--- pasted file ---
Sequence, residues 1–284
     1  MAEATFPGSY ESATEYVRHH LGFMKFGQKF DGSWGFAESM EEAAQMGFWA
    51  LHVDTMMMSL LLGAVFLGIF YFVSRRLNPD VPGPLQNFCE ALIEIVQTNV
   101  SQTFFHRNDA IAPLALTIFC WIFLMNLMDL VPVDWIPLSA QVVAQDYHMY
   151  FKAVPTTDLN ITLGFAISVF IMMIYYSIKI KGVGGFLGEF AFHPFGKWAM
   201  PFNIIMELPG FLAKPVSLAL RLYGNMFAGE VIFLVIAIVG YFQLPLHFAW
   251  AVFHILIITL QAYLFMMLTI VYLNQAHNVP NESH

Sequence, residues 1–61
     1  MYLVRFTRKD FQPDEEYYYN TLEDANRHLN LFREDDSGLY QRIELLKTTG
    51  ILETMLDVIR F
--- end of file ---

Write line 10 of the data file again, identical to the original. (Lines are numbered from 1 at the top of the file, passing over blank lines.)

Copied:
    51  ILETMLDVIR F